DURHAM, N.C., May 10 (UPI) -- Groundwater wells in northeastern Pennsylvania and upstate New York are contaminated by methane as a result of "fracking" gas drilling, a university study says.
Researchers at Duke University say 13 of 26 wells tested within a kilometer of sites using the controversial natural gas drilling technique known as "hydrofracking" had elevated methane levels, USA Today reported Tuesday.
Some were contaminated to the point where the water could catch fire, the study said.
The findings, published in the Proceedings of the National Academy of Sciences, found measurable amounts of methane in 51 of a total of 60 wells tested last year, but in those closest to fracking the levels were 17 times higher than average.
The drilling industry was quick to criticize the research.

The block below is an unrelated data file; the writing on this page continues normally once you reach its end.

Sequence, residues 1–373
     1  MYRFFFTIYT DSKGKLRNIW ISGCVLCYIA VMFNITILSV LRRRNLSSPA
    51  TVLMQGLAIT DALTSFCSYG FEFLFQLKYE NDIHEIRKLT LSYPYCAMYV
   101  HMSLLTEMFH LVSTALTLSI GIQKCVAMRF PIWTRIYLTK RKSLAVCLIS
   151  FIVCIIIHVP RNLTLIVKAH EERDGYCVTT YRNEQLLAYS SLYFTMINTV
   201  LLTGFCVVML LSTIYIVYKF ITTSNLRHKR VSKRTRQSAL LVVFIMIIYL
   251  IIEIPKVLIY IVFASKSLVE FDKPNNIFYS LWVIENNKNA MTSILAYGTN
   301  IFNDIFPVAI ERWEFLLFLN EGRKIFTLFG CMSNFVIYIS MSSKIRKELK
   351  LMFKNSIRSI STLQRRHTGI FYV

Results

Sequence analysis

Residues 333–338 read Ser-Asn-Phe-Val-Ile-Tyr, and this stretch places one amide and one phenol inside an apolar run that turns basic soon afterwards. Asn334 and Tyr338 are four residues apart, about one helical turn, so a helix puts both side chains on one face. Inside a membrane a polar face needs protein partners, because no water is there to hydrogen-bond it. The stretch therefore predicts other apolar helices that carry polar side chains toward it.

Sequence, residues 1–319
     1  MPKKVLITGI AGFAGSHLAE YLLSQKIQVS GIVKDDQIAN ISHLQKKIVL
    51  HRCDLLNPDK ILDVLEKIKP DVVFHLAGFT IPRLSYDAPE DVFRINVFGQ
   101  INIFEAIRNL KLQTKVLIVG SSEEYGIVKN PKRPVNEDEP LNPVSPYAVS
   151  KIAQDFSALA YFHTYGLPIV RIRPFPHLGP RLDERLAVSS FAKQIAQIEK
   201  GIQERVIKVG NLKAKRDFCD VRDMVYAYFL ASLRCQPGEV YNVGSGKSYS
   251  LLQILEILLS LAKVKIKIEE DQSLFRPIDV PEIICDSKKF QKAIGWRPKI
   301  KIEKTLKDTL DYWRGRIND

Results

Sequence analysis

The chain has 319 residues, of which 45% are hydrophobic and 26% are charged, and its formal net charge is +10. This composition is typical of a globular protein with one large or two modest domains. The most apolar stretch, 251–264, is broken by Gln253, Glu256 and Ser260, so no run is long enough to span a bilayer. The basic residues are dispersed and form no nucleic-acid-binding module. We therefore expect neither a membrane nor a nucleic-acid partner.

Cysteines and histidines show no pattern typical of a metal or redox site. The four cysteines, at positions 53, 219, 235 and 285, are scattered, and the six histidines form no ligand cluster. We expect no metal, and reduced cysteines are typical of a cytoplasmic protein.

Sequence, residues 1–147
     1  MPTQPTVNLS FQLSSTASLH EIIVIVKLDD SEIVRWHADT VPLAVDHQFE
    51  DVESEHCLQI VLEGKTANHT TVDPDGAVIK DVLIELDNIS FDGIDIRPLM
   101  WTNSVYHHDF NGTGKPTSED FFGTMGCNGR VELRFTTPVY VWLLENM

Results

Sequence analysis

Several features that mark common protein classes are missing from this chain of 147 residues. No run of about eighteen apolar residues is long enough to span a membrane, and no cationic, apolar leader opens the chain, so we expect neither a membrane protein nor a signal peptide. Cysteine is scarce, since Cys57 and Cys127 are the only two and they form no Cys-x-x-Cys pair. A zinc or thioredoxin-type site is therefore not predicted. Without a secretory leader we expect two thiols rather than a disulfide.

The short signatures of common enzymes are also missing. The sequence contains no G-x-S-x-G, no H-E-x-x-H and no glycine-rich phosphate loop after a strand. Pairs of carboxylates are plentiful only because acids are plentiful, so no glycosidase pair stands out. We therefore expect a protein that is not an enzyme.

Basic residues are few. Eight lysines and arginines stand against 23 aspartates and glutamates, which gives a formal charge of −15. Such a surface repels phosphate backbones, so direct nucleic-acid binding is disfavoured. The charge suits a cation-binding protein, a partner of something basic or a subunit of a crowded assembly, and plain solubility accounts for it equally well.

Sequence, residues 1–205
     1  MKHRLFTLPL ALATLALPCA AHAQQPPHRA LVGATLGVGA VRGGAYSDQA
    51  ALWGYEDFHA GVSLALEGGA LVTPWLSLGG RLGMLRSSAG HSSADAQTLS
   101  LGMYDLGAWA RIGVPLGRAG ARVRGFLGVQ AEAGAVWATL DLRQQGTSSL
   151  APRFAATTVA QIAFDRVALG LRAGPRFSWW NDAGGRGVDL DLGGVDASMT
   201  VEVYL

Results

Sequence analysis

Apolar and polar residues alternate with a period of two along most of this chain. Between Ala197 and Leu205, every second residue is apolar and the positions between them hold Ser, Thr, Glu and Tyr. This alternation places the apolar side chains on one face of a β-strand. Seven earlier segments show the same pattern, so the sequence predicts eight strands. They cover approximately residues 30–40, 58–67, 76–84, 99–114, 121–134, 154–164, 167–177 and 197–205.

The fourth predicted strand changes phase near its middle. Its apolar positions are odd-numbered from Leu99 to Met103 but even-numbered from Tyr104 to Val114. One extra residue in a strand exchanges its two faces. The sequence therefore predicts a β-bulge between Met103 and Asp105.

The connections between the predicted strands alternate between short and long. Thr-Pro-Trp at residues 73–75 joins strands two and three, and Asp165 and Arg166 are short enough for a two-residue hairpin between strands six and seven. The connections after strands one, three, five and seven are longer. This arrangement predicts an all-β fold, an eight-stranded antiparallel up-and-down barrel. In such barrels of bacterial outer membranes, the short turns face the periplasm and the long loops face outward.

"What you have here is a paper that draws pretty firm conclusions without much data at all to back any of them up," Chris Tucker, spokesman for Energy In Depth, a Washington coalition of oil and natural gas producers, said in a statement.
"In fact, the authors admit they have no baseline data at all, which makes it impossible to characterize the state of those water wells prior to recent development."
Study co-author Robert Jackson of Duke said researchers have now gathered baseline information for a number of wells and will conduct follow-up tests.